Saturday, December 17, 2011
Tebowing and Cultural Christianity I
The other day I came home from work, and opened my Facebook page. One of my parishoners had a picture of their child "Tebowing". For those of you who are unfamiliar with the practice, "Tebowing" is a certain position of bowing in prayer that mimics Tim Tebow's prayer pose on the football field. Underneath the picture my friend had commented, "Thank you Tim Tebow for showing my son that God is cool".
Now I certainly appreciate my friend's heart on this matter. She wants her children to love Jesus, and she is working hard to raise them right. She is looking for all the role models she can get in support of her Christian faith. And, in a day where there are so many awful role models in our popular culture, it is helpful to have one or two that reinforce good, healthy, Christian values. Yet, I had some measure of discomfort when I read this proclamation. This discomfort had less to do with my friend and family, which I have a lot of respect for, and more to do with how Christians and Americans deal with expressions of faith in the public square.
A number of questions raced through my mind. Is God best described as cool? Do I want my child thinking of God as "cool"? In what ways does longing for and expecting God to be "cool"effect the faith development of persons in our culture?
As I pondered these questions I came to a conclusion. I don't think the Lord cares if he is all that cool. Furthermore, I think that more often than not, the way of "cool" and the way of Jesus run in opposite directions.
Over and over again throughout Scripture God's people are called to be "set-apart", holy, peculiar. Instead of being cool, they were often viewed with suspicion. They were beat up, they were persecuted, and they were murdered for what they believed. The early Christians were believed to be unpatriotic to Rome, and irrationally loyal to their God in a land of polytheism.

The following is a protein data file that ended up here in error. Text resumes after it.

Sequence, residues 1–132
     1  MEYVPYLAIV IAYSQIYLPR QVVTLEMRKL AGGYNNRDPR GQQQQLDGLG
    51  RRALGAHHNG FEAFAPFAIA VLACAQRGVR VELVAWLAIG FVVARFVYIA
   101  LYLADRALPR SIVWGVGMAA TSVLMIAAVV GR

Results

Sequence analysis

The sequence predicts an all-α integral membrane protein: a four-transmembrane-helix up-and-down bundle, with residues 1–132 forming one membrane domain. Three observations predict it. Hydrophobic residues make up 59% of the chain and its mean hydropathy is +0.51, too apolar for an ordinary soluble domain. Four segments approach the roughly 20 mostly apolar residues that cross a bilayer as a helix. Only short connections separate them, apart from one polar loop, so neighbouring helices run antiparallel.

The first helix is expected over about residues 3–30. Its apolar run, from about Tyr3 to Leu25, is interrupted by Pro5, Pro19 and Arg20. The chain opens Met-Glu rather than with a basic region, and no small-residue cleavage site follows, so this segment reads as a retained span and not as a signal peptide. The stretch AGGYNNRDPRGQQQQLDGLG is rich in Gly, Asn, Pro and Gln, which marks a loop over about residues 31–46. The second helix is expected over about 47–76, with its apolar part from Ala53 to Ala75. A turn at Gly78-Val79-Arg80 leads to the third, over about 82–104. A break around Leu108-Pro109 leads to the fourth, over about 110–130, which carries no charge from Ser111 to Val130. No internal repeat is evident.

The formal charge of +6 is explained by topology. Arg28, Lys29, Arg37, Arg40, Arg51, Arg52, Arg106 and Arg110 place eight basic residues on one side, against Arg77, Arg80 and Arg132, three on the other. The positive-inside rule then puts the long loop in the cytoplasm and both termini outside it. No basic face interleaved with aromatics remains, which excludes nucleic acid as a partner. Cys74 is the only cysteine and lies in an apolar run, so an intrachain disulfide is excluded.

Jesus often had crowds gather around him. As soon as the crowds became large, Jesus would challenge people in harsh manner. He would encourage them to count the cost of following Jesus. He would say things that would so shock people that the crowds would nearly disappear. Jesus was so uncool to his peers that they murdered him.
More often than not, American Christians act like an insecure sophomore in high school. You know what I am talking about. Christian culture acts like that kid that gets picked on everyday, but is desperate for everyone to like and admire him. He has yet to learn to be comfortable in his own skin, so he mimics every trend that comes along, and does everything he can to gain positive attention.
This summer, I listened to a Christian leader speak about his evangelistic efforts. He could have shared about many opportunities he had to share his faith. He chose to share about how he led a celebrity journalist to accept Jesus as her Lord and Savior. The way he described it, it was almost like a romantic conquest. He began to speak to her over dinner before. He closed the deal the next morning for coffee.
I wondered, as I often do in moments like this, why it is so important that he reached a celebrity with name recognition? If Christians are true to their message, shouldn't a homeless drunk or a prostitute finding hope in Christ matter as much to them as a famous journalist or great pro football player?
You see, what happens with "cool" Christianity is that we try to push God into our mold so that we can brag about Him, sell Him, and use Him for our benefit, and to serve our agenda. When we try to place the label "cool" on Jesus, we try and fit life of work of Christ into something that is easy, palatable, and marketable. We try and make our image of Jesus conform to society's standards. And by doing so, we compromise and ignore basic biblical truths that seem inconvenient.